Jump to content

wire strikes


marrty41
 Share

Recommended Posts

I watched a jetranger land today and noticed a spike fixed both to the top and bottom of the front of the cockpit .My instructer informed me that they were for wire strikes and that they would cut the wire if flown into one.Is there a mechanism that cuts or is it just a sharp blade.Can they be fitted to any helicopter?

Link to comment
Share on other sites

the WSPS (wire strike protection system) is a type of blade system, they are designed to grab the wire before it reaches the rotor mast or skids, it will cut smaller diameter wires but it's more to protect the craft giving the pilot time to react.

 

If it is a larger diameter wire, and it can't be cut, the helicopter would just pivot around the wire. How would that give the pilot time to react? Depending on which cutter it went into (upper or lower) the helicopter would rotate around the pivot point, either up or down. If it was going fast enough it could end up in a very severe (even upside down) attitude. Typically, those types of attitudes are bad for helicopters. Semi-rigid rotor systems in particular. Combine that with the fact that the heli is close to the ground, and I think you can imagine what the outcome would be. Unless the helicopter was flying slow enough that they just ran into the wire and it stopped the helicopter, I think the results would be similar to those if it wasn't equipped with a WSPS.

Link to comment
Share on other sites

How about powerline wires, high voltage, that are commonly strung from pole to pole, will some of the wire cutters, cut through these wires, say going about 40 knts.????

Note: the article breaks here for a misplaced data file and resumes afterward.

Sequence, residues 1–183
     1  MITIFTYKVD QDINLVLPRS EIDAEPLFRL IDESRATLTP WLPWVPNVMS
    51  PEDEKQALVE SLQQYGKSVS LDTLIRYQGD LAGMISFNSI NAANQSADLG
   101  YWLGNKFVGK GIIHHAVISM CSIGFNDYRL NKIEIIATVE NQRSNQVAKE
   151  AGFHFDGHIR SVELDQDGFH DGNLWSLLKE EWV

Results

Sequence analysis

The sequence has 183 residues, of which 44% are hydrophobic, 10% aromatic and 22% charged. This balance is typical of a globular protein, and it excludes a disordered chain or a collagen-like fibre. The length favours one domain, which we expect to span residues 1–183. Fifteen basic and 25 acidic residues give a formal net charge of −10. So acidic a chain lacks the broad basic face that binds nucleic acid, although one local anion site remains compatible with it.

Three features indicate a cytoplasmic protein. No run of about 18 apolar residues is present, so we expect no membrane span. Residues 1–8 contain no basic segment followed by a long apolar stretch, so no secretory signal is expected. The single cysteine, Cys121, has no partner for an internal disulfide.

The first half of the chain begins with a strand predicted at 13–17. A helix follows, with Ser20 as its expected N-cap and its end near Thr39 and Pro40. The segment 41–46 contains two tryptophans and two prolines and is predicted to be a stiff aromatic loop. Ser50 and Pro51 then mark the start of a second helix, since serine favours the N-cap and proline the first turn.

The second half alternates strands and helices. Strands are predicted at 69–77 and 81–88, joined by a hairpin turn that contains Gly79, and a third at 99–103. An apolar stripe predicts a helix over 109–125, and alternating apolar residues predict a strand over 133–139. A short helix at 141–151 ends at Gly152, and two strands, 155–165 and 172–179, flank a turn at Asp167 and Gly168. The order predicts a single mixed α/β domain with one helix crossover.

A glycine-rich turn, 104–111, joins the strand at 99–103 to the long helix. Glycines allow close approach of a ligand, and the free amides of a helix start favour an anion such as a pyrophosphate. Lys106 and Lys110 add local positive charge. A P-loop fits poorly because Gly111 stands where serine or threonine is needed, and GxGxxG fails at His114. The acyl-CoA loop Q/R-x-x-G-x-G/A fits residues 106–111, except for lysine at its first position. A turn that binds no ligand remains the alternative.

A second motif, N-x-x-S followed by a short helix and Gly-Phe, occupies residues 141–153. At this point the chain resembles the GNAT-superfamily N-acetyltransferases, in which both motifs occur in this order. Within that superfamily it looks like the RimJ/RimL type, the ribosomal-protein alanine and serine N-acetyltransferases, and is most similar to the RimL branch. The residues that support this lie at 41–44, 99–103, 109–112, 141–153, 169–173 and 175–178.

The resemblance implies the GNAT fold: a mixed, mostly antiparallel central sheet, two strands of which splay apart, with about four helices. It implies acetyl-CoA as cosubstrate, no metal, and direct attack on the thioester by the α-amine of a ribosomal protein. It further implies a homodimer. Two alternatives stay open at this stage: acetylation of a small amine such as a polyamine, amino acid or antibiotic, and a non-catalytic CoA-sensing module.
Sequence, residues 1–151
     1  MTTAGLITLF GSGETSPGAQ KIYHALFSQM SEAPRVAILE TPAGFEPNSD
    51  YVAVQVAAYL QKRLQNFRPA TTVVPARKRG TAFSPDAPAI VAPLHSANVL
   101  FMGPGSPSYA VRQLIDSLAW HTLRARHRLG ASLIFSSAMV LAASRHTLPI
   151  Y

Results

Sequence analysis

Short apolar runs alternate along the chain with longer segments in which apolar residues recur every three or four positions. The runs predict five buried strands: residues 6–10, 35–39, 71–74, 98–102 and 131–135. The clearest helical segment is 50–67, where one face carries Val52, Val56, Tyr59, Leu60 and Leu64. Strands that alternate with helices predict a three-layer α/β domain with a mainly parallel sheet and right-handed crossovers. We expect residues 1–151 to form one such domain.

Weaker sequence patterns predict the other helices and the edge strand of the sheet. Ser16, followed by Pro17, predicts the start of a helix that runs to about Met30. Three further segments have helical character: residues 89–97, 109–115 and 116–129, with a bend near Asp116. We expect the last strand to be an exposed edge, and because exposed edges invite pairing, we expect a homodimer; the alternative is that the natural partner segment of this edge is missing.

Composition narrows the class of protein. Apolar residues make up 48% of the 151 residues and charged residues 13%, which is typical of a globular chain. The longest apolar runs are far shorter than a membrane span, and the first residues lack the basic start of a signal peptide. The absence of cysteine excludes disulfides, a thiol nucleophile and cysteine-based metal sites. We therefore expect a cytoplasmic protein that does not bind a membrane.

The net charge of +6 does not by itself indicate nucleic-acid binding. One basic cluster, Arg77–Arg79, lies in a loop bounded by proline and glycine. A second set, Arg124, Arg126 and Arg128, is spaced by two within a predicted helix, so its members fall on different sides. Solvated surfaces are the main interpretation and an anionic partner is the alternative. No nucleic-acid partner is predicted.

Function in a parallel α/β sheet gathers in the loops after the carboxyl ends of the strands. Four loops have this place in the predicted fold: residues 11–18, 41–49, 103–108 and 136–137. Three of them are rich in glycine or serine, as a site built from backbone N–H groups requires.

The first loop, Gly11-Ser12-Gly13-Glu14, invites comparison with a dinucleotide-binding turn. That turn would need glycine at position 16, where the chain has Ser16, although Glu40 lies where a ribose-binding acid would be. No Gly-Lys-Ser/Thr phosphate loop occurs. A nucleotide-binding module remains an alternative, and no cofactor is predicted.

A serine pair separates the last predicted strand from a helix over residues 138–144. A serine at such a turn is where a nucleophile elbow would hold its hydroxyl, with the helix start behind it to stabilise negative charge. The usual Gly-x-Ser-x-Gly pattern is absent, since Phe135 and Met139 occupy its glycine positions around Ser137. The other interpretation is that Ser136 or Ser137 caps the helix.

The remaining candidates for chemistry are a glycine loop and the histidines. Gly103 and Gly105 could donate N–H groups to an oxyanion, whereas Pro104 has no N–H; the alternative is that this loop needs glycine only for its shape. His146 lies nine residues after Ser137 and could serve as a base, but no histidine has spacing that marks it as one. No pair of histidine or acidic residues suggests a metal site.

I know of two pilots that have hit these powerlines, flying out of really congested, wooded areas, one smashed the helicopter and one landed the heli perfect after hitting the wires... don't know if the wire cutters actually cut the wires or if they just bounced around the wires or what...

Link to comment
Share on other sites

How about powerline wires, high voltage, that are commonly strung from pole to pole, will some of the wire cutters, cut through these wires, say going about 40 knts.????

I know of two pilots that have hit these powerlines, flying out of really congested, wooded areas, one smashed the helicopter and one landed the heli perfect after hitting the wires... don't know if the wire cutters actually cut the wires or if they just bounced around the wires or what...

 

 

First off, these devices are a last hope...a last resort. You just flew into wires, oh crap !..The theory is the wire will travel up or down the bubble, entering a cutter with sufficient inertia to cut the wire. Most larger helo's, with forward airspeed, can accomplish this depending on the strength of the conductor it is cutting. You will rarely see strike kits on smaller birds, like an R22...it just doesnt have enough mass. There have been many instances where a helo has survived a wire strike due to the cutters....but that doesnt mean that having cutters will save your butt every time. If I had my choice, I would fly with wire strike kits all the time, it can't hurt.!